Often missing in descriptions of techniques, both historic and modern, is context. This is a problem because context matters a lot. A technique that works brilliantly at one measure may fall apart one pace closer or farther apart. An attack that is designed to work against an opponent who is stationary may not work against one in motion and vice-versa.
These are some of the factors that go into the question of context:
Measure or Distance
The most obvious example is grappling. Clearly a technique that begins with a wrist grab won’t work when you are three paces away.
Less obvious are provocations and invitations. Most provocations are based around the idea that you have enough distance, and thus time, to deal with whatever reaction your opponent makes. If the measure is too small, the provocation won’t work
- Out of measure: Can land a blow even with a passing step
- Wide measure: Can strike with a step
- Narrow measure: Can strike without a step
- Corps-a-corps: Can touch the opponent with the hand or foot
Action or Inaction
When the text says “the opponent is Tag” what does that mean? Is the opponent entering Tag? Or are they already in Tag?
If entering the guard, are they doing so in preparation for an attack? Or as a recovery for an attack they have just completed? Are they slipping the sword in anticipation of an attack against themself? Or are they merely shifting their guard for a tactical reason?
If they are already in the guard, what are they doing there? Are they in an aggressive posture, ready to pounce at the first opening? Or a defensive posture, expecting to parry and counter-attack. Perhaps they have hesitated, unsure of what to do next.
The effectiveness of a given technique depends a lot on the answers to these questions.
- The opponent is static (unmoving) or dynamic (moving)
- If static, the opponent is attentive or inattentive (i.e. laying in wait or just catching their breath)
- If dynamic, are they beginning or ending their action
Height and Reach
Size matters. Not all the time, but there are definitely techniques that work better or worse depending on the relative height and reach of the fencers.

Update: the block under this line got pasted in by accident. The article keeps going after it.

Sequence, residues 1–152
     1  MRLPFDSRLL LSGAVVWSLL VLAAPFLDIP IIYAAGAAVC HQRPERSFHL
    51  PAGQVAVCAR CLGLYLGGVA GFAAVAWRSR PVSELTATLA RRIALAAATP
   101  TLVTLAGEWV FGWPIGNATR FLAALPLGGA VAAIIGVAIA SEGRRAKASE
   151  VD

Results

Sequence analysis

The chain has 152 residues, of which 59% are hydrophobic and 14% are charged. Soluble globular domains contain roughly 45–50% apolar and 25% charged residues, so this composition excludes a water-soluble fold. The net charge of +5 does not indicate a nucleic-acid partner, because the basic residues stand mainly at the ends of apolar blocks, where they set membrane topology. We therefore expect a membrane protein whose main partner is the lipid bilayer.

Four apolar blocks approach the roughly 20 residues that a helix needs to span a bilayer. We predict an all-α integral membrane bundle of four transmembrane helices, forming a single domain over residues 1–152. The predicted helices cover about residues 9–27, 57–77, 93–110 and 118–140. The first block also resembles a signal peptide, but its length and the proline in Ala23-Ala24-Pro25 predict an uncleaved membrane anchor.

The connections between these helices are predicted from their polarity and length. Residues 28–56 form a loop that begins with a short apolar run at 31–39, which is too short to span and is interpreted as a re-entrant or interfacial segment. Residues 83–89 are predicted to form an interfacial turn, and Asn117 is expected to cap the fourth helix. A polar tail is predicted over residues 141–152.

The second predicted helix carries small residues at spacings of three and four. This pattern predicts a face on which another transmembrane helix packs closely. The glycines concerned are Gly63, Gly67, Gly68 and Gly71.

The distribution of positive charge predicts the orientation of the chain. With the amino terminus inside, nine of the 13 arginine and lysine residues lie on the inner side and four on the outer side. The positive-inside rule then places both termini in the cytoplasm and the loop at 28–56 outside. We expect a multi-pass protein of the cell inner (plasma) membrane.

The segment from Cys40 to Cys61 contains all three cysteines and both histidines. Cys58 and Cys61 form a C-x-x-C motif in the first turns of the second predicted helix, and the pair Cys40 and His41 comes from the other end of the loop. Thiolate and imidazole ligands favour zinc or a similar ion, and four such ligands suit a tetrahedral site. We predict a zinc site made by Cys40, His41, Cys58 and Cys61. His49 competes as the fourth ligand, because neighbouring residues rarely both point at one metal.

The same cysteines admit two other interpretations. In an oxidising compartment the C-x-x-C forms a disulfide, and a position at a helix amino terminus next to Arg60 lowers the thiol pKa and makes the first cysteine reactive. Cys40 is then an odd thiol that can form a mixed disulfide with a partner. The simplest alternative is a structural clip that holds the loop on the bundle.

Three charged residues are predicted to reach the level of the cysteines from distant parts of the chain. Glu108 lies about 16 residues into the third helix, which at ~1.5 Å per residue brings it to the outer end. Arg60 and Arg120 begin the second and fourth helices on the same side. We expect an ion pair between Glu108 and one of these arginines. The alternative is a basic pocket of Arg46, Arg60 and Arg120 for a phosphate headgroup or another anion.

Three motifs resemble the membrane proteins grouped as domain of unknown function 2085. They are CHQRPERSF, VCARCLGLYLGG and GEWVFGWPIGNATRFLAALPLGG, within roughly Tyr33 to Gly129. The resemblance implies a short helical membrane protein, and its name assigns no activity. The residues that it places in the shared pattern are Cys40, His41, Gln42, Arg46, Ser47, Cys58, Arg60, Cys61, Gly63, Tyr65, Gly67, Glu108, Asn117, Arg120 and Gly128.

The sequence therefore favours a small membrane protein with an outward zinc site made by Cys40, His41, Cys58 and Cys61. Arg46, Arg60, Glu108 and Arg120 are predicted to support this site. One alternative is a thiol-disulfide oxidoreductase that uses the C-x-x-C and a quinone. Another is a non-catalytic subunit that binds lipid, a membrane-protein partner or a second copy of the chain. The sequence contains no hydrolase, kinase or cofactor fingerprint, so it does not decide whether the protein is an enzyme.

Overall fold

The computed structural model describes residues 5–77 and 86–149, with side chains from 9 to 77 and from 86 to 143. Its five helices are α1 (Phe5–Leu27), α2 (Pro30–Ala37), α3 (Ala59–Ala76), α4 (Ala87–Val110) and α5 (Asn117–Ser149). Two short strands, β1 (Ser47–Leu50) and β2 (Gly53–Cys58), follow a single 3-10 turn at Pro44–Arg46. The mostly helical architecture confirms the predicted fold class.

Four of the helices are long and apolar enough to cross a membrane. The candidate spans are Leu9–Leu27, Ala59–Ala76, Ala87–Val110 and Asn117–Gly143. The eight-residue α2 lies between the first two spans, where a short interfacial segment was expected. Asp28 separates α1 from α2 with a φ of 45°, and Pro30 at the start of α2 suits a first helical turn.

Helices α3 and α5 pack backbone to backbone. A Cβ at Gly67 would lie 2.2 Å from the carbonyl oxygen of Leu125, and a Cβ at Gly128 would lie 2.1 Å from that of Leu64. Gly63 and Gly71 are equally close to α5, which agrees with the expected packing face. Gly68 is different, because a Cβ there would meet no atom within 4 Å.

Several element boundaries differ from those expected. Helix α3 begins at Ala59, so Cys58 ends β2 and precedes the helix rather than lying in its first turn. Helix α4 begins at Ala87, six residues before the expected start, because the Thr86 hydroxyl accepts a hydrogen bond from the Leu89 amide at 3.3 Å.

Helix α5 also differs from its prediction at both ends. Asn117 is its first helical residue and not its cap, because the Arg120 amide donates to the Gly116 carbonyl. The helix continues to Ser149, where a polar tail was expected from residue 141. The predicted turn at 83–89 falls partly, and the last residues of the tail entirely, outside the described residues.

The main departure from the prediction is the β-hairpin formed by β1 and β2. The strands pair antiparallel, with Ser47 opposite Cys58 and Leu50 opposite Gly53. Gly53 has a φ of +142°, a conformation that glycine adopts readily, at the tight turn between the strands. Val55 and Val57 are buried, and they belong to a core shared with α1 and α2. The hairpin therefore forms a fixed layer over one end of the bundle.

Be careful to not fall into the trap of believing that taller is always better. A tall person may not necessarily have proportionately longer arms, so when reporting findings consider the arm length separately from how the height changes the angles.
We like to talk about armor as a binary question: either someone is fully dressed in tournament plate or not armored at all. But historically the question was far more nuanced. Manciolino explicitly talks about choosing which part of the body to armor for a duel based on relative heights. Meyer tells us to practice in and out of armor, though it is hard to imagine his middle-class students owning full plate and he doesn’t offer the specialized techniques for it.
Real or Play Swords
Historic fencing is not just about life and death fights. The ability to spar in friendly matches, fight seriously but not lethally in tournaments, and display feats of swordsmanship such as solo routines and test cutting were all very important parts of a fencer’s repertoire. No one is going to hire a fencing master who kills his students and outright thugs aren’t invited to tournaments. And if a duke whose patronage you seek asks for a demonstration before the court, you damn well better be able to perform.
So arises the question of real or play swords. Some masters explicitly call this out, saying a technique is suitable for one, the other, or both. You see this in Manciolino where he talks about the play sword with the small buckler and the real (literally “edged”) sword for the large buckler.
For the modern student, the factors involve are steel, wood, or synthetic. If steel, sharp, blunt, or feder. If synthetic, low-grade (i.e. Rawlings) or high-grade (Pentii, Blackfencer) with or without taped edges.
Blade length and Guard Style
And since we are on the topic of weapons, guards matter too. I know from experience that trying to perform Marozzo’s small buckler assaults with a complex hilt rapier is an exercise in frustration. But switch to a simple crossguard, with or without finger-rings, and its elegance is revealed. And don’t forget, the schilt on a feder longsword is part of the guard characteristics.
Likewise, the length of the blade matters. The techniques in Capoferro make a lot more sense with a 45” blade than they do with a 35” blade.
Is this all?
No. There are lots of other things I haven’t talked about such as whether the weights are shifted forward or back, if each fencer just stepped closer or farther from his opponent, how you are lined up laterally, are you both facing the center line, etc. etc.
It would be impossible to list every last detail of context, let alone try to explain how and why each factor does or does not affect the technique in question. But at least try to hit the highlights when introducing a play.